Disguised as a children's book, "Momo" is really a modern fable and within it is Ende's critique of our modern economic system. Somehow, we've quantified everything -- time, in "Momo's" case, and trees, in the case of Dr. Malayang's paper -- but in so doing we've also erased their value. Time (and its modern analog, money) is only of value if it's used -- for work, yes, but also for play, for love, for contemplation, for doing "nothing": that's the deeper message of "Momo."
It's this approach of quantification of the value that I have a problem with in Dr. Malayang's paper. It appears more rigorous, and perhaps that's an accident of its intended audience and venue. But the impact of the message -- which by the way I agree with -- is lost.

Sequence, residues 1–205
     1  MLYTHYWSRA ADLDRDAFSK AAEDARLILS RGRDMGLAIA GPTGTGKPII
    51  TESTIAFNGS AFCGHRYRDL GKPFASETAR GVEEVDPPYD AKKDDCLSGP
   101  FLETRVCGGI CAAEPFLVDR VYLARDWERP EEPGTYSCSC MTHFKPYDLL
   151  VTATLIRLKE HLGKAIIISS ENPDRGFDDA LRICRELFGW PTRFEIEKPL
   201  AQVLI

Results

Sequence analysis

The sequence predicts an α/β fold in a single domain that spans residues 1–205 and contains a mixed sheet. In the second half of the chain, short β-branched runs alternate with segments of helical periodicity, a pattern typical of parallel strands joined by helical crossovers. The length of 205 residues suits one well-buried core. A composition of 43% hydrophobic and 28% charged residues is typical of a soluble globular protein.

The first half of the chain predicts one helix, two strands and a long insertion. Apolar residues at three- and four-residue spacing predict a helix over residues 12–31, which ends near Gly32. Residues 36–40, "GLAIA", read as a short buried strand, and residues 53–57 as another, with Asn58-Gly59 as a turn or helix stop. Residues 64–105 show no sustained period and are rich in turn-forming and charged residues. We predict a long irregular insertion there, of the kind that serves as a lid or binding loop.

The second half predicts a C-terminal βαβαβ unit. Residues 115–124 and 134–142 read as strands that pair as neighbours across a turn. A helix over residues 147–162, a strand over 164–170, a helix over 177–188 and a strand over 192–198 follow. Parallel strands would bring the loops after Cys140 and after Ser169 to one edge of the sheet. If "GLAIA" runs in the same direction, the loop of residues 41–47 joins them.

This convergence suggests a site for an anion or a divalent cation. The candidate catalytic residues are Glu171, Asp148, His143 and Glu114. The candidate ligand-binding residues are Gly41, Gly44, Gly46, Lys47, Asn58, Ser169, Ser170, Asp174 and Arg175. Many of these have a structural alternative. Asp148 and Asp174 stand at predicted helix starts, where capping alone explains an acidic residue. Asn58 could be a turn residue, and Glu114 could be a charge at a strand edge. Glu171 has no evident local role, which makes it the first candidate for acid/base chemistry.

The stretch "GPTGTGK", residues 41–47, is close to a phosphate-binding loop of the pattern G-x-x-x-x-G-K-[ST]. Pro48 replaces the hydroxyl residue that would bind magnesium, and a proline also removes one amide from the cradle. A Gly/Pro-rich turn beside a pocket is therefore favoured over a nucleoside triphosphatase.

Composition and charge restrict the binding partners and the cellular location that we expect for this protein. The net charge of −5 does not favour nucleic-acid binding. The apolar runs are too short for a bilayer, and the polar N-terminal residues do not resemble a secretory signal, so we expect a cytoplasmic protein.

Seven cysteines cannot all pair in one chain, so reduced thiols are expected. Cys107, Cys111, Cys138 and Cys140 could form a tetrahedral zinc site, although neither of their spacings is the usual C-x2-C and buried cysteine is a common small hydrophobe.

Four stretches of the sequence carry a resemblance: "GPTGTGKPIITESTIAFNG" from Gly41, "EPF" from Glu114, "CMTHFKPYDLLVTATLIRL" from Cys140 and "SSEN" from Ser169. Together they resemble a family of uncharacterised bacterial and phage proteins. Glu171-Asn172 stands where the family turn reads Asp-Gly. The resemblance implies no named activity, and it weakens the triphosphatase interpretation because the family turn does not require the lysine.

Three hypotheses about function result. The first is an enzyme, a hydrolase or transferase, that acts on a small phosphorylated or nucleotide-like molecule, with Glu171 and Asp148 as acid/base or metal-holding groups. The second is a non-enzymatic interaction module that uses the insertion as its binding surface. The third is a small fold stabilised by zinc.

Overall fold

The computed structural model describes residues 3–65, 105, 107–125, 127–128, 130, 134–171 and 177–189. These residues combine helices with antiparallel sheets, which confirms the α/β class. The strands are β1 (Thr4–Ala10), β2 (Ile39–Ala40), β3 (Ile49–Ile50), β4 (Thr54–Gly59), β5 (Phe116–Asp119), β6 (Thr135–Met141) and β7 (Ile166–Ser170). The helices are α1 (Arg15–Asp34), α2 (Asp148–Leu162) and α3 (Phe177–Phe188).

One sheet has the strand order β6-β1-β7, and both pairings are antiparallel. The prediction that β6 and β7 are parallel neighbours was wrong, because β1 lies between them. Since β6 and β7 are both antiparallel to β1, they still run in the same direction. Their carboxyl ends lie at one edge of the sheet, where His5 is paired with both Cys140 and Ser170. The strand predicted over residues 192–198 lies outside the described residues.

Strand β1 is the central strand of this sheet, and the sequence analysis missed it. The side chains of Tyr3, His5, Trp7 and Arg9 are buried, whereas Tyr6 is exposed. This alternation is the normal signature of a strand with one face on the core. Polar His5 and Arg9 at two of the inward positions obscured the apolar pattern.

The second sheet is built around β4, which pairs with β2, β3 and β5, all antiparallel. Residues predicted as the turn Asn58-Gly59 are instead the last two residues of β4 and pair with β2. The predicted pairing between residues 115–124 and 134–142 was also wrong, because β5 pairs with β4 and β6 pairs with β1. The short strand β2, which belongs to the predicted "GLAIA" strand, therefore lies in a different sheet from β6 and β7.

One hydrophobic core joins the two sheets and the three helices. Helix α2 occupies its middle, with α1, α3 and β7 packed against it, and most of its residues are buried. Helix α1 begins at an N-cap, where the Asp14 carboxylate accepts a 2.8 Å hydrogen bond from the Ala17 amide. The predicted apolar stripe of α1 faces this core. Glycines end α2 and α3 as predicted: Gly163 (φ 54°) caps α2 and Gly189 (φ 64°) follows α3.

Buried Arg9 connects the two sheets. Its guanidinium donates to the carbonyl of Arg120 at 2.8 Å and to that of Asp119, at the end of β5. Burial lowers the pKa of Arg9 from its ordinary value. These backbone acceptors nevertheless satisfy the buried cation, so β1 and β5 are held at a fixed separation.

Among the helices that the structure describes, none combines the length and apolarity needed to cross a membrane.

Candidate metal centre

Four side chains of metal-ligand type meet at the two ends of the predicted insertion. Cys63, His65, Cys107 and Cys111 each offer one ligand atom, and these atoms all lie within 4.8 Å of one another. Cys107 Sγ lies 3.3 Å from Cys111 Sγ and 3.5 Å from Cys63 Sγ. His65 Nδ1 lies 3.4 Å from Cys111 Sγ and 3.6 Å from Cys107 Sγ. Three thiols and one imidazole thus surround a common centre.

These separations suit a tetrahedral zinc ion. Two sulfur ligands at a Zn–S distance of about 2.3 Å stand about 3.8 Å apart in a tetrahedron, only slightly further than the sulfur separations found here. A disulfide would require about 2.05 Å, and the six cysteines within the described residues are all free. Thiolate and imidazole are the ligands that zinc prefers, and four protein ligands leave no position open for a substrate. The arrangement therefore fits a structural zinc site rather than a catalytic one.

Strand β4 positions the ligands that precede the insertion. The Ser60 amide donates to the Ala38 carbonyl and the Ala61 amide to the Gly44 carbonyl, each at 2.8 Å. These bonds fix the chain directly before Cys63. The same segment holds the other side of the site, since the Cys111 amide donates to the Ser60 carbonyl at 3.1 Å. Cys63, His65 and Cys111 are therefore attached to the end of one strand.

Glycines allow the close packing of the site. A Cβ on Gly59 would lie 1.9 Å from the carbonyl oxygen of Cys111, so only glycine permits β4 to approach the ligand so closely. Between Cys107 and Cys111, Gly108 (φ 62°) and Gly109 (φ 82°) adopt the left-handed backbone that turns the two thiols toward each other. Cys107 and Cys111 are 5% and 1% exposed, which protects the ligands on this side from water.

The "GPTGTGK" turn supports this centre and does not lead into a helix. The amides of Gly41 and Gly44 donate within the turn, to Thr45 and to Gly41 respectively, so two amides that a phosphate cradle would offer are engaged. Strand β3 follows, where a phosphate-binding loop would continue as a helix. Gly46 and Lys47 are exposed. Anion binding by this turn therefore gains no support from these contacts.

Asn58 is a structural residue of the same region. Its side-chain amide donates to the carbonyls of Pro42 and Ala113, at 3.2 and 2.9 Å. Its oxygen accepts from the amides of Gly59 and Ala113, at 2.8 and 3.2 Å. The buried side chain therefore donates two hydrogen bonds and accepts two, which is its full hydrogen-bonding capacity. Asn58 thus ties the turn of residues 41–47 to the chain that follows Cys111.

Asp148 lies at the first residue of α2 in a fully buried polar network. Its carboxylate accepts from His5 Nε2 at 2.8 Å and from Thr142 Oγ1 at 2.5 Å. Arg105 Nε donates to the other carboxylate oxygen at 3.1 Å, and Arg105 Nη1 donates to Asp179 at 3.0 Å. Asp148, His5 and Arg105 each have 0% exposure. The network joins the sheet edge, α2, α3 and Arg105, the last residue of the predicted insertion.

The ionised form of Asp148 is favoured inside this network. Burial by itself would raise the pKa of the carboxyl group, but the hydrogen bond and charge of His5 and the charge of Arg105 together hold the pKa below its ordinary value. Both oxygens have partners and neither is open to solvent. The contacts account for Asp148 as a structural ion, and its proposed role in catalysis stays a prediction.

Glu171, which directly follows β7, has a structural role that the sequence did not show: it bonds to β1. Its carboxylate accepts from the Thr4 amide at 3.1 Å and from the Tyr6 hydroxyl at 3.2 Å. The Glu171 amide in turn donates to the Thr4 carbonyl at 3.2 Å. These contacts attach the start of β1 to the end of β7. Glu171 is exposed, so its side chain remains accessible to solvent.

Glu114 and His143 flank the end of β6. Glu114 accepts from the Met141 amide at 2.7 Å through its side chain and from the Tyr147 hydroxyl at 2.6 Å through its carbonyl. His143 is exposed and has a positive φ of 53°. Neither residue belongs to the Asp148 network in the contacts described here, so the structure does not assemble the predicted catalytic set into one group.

That said, I also have an issue with his assumptions and his formulation. Dr. Malayang's paper assumes a steady state zero-maintenance resource in a zero-sum game. In simple terms, the paper assumes that the tree lasts forever, that there's no need to take care of it, and that its fruits are consumed totally without benefit to the community. But that's hardly an accurate model.
What about issues of stewardship? What if one person takes care of the tree better than the rest of the community can? What about opportunities for exchange?
What of human ingenuity? During World War II, the British did not have access to the rubber trees of old Malaya (pardon the pun), so what was their solution? Synthetic rubber.
That's my issue with the formulation of the model. Within its limited scope, it proves the author's intended point, but it doesn't take into account the other variables. If we then attack the flawed model, could it be taken to mean that the point it wants to prove is mistaken?
Perhaps the paper was written the way it was because it was meant for an academic audience. Fine. But for the rest of us, perhaps a simpler message will suffice:
Play nice. Share. Take care of the world that God has given you.